Which country was the first to give women the right to vote?

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March 12, 2018 1:38AM

At a national level, Grant Duchy of
Finland(1883) was first to declare universal
suffrage and allow anyone to participate in politic, women
included, although it was a autonymous part of Russian Empire at
that stage. The first independent country to give women the right
to vote in national elections (not local or provincial) was
New Zealand in 1893. Previous bills or amendments
only narrowly failed in New Zealands parliament as early as
1878.

Places with similar status which granted women the vote include
Wyoming Territory (1869). Other possible contenders for first
“country” to grant female suffrage include the Corsican
Republic(1769), the Isle of Man (1881), the Pitcairn Islands(1838),
Franceville(1889), but some of these had brief existences as
independent states and others were not clearly independent. Sweden
was first one to allow women to participate in elections in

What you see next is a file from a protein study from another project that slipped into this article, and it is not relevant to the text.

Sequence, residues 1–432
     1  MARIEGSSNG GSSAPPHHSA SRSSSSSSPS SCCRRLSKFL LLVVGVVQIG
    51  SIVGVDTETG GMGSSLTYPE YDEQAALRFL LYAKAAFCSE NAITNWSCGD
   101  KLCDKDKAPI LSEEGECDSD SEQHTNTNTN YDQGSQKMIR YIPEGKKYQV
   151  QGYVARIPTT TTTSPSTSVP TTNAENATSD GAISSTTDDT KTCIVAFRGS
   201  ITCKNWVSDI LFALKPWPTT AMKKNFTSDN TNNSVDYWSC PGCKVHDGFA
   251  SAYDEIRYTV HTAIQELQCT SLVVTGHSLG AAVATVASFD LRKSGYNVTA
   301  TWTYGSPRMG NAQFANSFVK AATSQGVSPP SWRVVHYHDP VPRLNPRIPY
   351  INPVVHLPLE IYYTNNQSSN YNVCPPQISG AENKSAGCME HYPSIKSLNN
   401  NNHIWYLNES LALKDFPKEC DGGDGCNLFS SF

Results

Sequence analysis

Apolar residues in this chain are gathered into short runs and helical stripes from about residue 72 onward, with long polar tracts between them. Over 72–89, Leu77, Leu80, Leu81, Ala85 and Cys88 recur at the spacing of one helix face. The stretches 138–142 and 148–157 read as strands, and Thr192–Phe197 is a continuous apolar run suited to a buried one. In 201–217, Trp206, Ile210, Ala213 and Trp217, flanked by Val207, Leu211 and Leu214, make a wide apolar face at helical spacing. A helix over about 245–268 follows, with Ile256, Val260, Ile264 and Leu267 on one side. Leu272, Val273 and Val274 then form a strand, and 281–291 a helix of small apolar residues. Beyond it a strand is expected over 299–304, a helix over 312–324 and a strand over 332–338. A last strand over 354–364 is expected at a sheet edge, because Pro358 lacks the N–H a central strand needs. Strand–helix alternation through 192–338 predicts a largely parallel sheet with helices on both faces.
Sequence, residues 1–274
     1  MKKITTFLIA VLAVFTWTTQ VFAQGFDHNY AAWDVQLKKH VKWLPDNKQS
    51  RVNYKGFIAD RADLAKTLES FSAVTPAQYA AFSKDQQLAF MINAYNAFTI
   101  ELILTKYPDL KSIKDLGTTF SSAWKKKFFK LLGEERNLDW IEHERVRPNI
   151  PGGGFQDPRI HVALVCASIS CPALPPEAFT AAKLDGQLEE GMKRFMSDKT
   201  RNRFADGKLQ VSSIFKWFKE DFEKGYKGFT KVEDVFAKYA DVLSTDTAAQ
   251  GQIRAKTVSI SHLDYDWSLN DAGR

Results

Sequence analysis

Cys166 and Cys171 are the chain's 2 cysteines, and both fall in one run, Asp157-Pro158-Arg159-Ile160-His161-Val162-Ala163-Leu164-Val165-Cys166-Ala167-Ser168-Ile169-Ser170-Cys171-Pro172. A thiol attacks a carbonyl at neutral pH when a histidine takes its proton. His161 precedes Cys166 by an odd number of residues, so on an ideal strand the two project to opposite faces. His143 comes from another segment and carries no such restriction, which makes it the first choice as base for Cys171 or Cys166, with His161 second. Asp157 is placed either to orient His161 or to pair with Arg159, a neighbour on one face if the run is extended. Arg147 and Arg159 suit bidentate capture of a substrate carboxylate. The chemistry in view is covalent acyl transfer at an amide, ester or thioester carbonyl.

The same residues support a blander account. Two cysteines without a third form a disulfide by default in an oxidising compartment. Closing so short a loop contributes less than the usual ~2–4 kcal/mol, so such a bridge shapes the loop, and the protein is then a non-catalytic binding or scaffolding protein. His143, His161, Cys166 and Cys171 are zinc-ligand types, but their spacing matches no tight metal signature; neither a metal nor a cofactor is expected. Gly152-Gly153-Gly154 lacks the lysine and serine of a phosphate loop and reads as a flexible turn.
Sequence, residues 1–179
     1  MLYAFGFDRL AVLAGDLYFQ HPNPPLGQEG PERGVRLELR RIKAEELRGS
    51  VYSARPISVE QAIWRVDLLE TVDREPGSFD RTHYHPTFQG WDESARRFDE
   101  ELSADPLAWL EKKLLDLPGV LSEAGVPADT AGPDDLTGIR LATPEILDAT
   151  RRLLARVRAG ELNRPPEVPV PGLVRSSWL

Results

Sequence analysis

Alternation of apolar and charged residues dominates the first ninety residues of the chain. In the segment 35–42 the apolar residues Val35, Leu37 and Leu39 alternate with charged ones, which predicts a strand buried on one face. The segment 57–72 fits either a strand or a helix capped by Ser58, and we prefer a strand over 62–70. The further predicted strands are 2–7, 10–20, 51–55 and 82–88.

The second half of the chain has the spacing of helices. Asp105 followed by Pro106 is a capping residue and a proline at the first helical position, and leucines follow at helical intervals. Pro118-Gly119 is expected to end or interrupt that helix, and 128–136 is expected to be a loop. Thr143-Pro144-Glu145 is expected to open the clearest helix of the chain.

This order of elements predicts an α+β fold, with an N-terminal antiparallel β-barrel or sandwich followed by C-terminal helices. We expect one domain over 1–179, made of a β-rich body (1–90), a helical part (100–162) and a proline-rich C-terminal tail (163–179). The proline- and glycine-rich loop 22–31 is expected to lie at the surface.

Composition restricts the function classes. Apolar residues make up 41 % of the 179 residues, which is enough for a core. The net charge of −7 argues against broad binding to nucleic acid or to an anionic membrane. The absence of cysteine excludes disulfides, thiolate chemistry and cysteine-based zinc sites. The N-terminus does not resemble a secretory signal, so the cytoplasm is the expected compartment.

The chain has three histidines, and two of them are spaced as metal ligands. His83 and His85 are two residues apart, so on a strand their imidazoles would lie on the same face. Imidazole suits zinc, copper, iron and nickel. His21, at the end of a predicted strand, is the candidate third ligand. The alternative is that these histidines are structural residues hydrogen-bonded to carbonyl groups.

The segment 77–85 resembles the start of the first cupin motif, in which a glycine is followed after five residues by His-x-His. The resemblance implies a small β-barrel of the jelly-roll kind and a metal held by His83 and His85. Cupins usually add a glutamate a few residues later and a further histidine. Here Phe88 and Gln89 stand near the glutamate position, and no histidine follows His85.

1718,
but only to guild members and only on local elections.
Of currently existing independent countries, New Zealand was
the first to give women the right to vote in 1893 when it
was a self-governing British colony. Similarly, the colony of South
Australia enacted legislation giving women the vote in 1894. Places
with similar status which granted women the vote include Wyoming
Territory (1869). Other possible contenders for first “country” to
grant female suffrage include the Corsican Republic, the Isle of
Man (1881), the Pitcairn Islands, and Franceville, but some of
these had brief existences as independent states and others were
not clearly independent.

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